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Reforming Australian federalism is our next great task

Reforming Australian federalism is our next great task


Updating the laws governing the interactions between different levels of government in Australia is a big challenge of our time, according to laureate professor emeritus Cheryl Saunders.

Professor Saunders outlined the framework for reform in her speech for the annual Law Oration on 14 October.

The event was held at the Banco Court, Supreme Court of Victoria and was presented by Victoria Law Foundation and Melbourne Law School.

The division of power and revenue between different levels of government in Australia is orchestrated by an array of complex agreements that are poorly understood within the community, according to Professor Saunders.

The overlap of responsibility naturally creates tensions between federal, state and territory governments – but is also supports innovation.

Reform of intergovernmental processes could help harmonise the relations between federal and state and territory communities, according to Professor Saunders.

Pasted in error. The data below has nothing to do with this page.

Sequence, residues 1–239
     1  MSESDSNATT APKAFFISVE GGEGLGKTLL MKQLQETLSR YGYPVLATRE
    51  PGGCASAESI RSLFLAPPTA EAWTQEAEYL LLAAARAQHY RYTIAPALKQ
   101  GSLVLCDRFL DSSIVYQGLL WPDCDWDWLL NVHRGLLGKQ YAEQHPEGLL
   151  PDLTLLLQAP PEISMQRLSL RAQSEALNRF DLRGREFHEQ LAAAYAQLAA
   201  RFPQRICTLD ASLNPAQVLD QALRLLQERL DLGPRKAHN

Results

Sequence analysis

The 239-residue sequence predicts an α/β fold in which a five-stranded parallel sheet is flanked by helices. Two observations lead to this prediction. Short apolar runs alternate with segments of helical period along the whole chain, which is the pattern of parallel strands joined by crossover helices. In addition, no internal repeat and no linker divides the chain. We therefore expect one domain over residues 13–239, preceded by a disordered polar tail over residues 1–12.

“I do not underestimate the difficulties in reforming Australian federalism,” she said.

“There are major hurdles in the form of entrenched assumptions, entrenched interests and widespread public ignorance about how these very complex arrangements presently work.”

Professor Saunders said disparity in revenue raising capacities between federal and state and territory governments was a major issue.

“The problem of the fiscal imbalance that lies at the heart of so much of the present malaise is less tractable,” she said.

She floated the idea of addressing the imbalance by reallocating the authority for revenue raising.

“This has some attraction in terms of constitutional structure and political culture, but it may now be a step too far,” she said.

The other option, according to Professor Saunders, was to leave the imbalance in place but “readjust our understanding of what it means” instead.

“This would involve accepting that the Commonwealth raises money on behalf of both spheres of government as a matter of public convenience but that this has no necessary implications for the expenditure of proceeds,” she said.

Professor Saunders said there would be a “host of significant decisions” to be made about which projects should be coordinated nationally, including urban infrastructure and school curriculum.

She said she did not “hold out great hopes that the current formal review process will proceed along these lines”.

“I would be very happy to be proved wrong, but indications such as they are suggest that its horizons are likely to be significantly more limited. That would be a pity, but it wouldn't be the end of the world.”

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